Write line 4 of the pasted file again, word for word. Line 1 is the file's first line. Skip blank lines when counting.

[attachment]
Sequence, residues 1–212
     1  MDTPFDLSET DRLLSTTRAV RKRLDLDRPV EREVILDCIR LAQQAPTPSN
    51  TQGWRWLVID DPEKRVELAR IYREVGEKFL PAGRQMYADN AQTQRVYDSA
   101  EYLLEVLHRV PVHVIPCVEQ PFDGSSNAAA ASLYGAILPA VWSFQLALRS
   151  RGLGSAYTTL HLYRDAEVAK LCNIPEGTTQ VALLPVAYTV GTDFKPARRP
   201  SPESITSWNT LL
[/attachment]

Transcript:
   101  EYLLEVLHRV PVHVIPCVEQ PFDGSSNAAA ASLYGAILPA VWSFQLALRS